13 June 2011

Estate and Tax Planning For Same Sex Couples In 2011

SSRN has a new paper entitled "Planning For Same Sex Couples in 2011" that provides a nice overview of the estate planning and tax issues involved, including a state by state survey that covers recent legislative changes in this area.


Michael Malak said...

I find the legal and financial issues surrounding same-sex couples interesting because, as the linked paper notes, they apply to other family structures as well such as blood sisters or religious sisters.

It seems like a lot of problems could be solved by just eliminating the gift and estate taxes -- or greatly increasing their limits to e.g. $100,000 and $5m respectively. The taxes only account for 1.2% of federal revenue anyway.

Andrew Oh-Willeke said...

The current combined gift, estate and generation skipping transfer tax exemption is $5 million per person, per lifetime and unused estate tax exemption may be inherited by a surviving spouse. The law sunsets in two years but is likely to be made permanent or renewed indefinitely.

Michael Malak said...

Right, but the gift tax is supposed to prevent estate tax avoidance and the current $13,000/year/person limit is not commensurate with the $5m/person estate tax limit. The article you linked enumerates all permutations of complicated trusts designed to avoid the gift tax associated with one adult "gifting" half a house to another adult.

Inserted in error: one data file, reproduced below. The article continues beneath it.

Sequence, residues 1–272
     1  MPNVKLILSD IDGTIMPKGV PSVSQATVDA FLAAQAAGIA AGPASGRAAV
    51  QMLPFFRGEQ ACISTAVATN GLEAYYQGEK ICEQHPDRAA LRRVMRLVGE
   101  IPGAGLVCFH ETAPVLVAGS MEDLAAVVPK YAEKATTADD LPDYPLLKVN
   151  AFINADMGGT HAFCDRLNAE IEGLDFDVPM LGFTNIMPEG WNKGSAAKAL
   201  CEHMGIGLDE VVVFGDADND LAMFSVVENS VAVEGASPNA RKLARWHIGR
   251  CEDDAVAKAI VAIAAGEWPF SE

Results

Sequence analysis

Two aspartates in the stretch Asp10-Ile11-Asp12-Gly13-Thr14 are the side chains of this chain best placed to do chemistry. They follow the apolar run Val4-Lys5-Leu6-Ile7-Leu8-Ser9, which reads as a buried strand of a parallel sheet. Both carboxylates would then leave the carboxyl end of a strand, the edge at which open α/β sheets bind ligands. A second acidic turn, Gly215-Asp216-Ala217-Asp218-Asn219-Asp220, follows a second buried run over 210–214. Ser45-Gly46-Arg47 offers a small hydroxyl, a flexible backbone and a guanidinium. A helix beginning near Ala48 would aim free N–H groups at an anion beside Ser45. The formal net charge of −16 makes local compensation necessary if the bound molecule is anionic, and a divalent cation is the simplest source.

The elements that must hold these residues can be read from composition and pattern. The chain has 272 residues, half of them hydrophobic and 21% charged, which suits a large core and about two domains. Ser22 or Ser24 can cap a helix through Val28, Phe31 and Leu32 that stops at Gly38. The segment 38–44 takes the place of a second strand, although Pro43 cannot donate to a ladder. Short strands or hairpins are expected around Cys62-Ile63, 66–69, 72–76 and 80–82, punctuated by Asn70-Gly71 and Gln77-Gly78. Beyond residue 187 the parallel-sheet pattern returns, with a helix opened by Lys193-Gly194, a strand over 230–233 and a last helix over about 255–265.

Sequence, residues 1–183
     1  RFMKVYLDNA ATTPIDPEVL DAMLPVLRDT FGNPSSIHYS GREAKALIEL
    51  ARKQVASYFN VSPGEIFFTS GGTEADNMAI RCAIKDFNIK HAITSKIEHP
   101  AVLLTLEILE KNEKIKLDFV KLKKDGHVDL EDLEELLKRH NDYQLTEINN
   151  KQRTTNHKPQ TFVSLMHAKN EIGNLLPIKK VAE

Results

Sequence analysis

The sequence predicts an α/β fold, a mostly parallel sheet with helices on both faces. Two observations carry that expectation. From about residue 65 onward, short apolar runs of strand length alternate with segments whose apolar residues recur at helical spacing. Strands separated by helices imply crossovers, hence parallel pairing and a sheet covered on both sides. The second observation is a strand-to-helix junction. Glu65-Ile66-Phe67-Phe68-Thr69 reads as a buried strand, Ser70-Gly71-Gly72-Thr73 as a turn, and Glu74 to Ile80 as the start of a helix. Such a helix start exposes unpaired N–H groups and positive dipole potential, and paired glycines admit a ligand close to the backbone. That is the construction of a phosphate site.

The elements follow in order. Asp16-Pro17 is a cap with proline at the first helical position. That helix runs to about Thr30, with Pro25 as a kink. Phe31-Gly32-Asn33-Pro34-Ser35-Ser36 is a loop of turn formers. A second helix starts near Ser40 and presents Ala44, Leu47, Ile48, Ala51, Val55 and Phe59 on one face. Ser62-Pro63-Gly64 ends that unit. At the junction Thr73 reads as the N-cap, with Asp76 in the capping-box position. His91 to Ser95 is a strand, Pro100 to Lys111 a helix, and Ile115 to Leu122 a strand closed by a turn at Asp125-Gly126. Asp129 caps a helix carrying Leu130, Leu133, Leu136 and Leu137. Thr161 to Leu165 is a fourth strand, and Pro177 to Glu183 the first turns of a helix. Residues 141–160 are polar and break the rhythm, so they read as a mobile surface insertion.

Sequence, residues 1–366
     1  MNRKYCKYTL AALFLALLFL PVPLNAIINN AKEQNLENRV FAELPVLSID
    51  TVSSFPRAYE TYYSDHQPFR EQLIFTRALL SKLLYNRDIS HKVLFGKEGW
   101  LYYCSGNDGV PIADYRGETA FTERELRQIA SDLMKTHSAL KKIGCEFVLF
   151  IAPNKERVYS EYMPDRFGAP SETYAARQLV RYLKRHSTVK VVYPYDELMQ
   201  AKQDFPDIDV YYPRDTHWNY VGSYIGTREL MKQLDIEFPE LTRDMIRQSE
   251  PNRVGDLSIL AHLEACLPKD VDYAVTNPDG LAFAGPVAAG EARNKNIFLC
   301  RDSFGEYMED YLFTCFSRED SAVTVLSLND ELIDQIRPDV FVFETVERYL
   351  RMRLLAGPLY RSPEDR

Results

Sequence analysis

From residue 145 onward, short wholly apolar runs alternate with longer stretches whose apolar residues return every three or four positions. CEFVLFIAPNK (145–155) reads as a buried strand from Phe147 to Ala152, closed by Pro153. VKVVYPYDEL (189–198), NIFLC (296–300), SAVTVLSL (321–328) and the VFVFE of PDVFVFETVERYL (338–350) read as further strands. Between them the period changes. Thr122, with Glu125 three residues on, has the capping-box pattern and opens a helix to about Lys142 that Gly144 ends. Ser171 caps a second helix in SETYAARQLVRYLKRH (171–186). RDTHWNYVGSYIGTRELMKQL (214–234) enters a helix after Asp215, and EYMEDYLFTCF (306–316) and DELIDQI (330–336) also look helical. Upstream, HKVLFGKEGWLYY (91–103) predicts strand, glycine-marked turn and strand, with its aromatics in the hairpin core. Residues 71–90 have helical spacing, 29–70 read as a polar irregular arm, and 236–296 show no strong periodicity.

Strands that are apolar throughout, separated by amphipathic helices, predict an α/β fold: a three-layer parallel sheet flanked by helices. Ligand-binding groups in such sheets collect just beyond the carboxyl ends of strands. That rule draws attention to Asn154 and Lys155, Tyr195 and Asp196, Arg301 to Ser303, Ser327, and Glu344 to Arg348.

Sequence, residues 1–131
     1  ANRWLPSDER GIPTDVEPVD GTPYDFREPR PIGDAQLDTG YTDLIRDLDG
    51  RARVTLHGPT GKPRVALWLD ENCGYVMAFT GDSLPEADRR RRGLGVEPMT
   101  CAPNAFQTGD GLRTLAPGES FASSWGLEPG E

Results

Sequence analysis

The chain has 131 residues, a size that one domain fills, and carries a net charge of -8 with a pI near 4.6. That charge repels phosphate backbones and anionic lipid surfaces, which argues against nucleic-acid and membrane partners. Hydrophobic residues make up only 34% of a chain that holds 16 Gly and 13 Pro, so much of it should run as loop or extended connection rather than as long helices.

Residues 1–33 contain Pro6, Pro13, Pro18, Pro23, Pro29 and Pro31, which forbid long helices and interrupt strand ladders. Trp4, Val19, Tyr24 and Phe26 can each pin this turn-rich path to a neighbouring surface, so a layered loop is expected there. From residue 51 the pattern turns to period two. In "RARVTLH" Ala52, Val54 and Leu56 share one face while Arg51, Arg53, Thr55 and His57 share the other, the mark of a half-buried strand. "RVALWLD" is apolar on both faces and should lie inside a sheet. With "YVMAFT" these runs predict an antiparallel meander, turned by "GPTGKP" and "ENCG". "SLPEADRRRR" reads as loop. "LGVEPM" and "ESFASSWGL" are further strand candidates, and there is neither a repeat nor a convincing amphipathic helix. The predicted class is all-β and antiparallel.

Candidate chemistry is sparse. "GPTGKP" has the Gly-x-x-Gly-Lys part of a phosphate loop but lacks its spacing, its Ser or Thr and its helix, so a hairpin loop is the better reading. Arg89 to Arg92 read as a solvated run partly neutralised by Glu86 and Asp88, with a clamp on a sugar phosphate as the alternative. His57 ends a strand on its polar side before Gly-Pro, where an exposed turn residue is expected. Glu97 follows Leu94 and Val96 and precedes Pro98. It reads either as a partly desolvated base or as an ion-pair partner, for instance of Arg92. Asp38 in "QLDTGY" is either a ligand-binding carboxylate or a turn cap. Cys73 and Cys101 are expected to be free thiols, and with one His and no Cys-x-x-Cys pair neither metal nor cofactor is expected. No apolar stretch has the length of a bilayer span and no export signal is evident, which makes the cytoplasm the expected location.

Since the estate tax limit is $5m/person, the gift tax should be more like $100k/year/person.

Andrew Oh-Willeke said...

UPDATE: A bankruptcy judge has recently ruled at the trial court level that a legally married same sex couple may file a bankruptcy petition jointly.

Traumeel said...

Policies need to be revised for such marriages and separate law is needed.


Michael Malak said...


I respectfully disagree. As a libertarian, I feel government should get out of the way of agreements that people want to make amongst themselves. The linked academic paper focused a lot on sharing the purchase of a home with only a single income earner and how that incurred gift taxes. That's why I suggested eliminating gift taxes or increasing the annual gift limit to $100,000.

I also advocate the government getting out of marriage completely, which was pretty much the way it was in the 19th century. (Marriage licenses were originally invented to prevent mixed-race marriages.)

Andrew Oh-Willeke said...

"Marriage licenses were originally invented to prevent mixed-race marriages."

Not really. Both the Orthodox Christian and Roman Catholic Church and its Protestant successors had the equivalent of marriage licenses when they were established churches, and the function was transferred to the secular state at various points over the last couple of hundred years, a tradition that Americans follows intermittently. The civil law practice of having the marriage itself conducted by town officials and then merely solemnizing marriages in a religious ceremony also arose at a time when the communities involved were monoracial.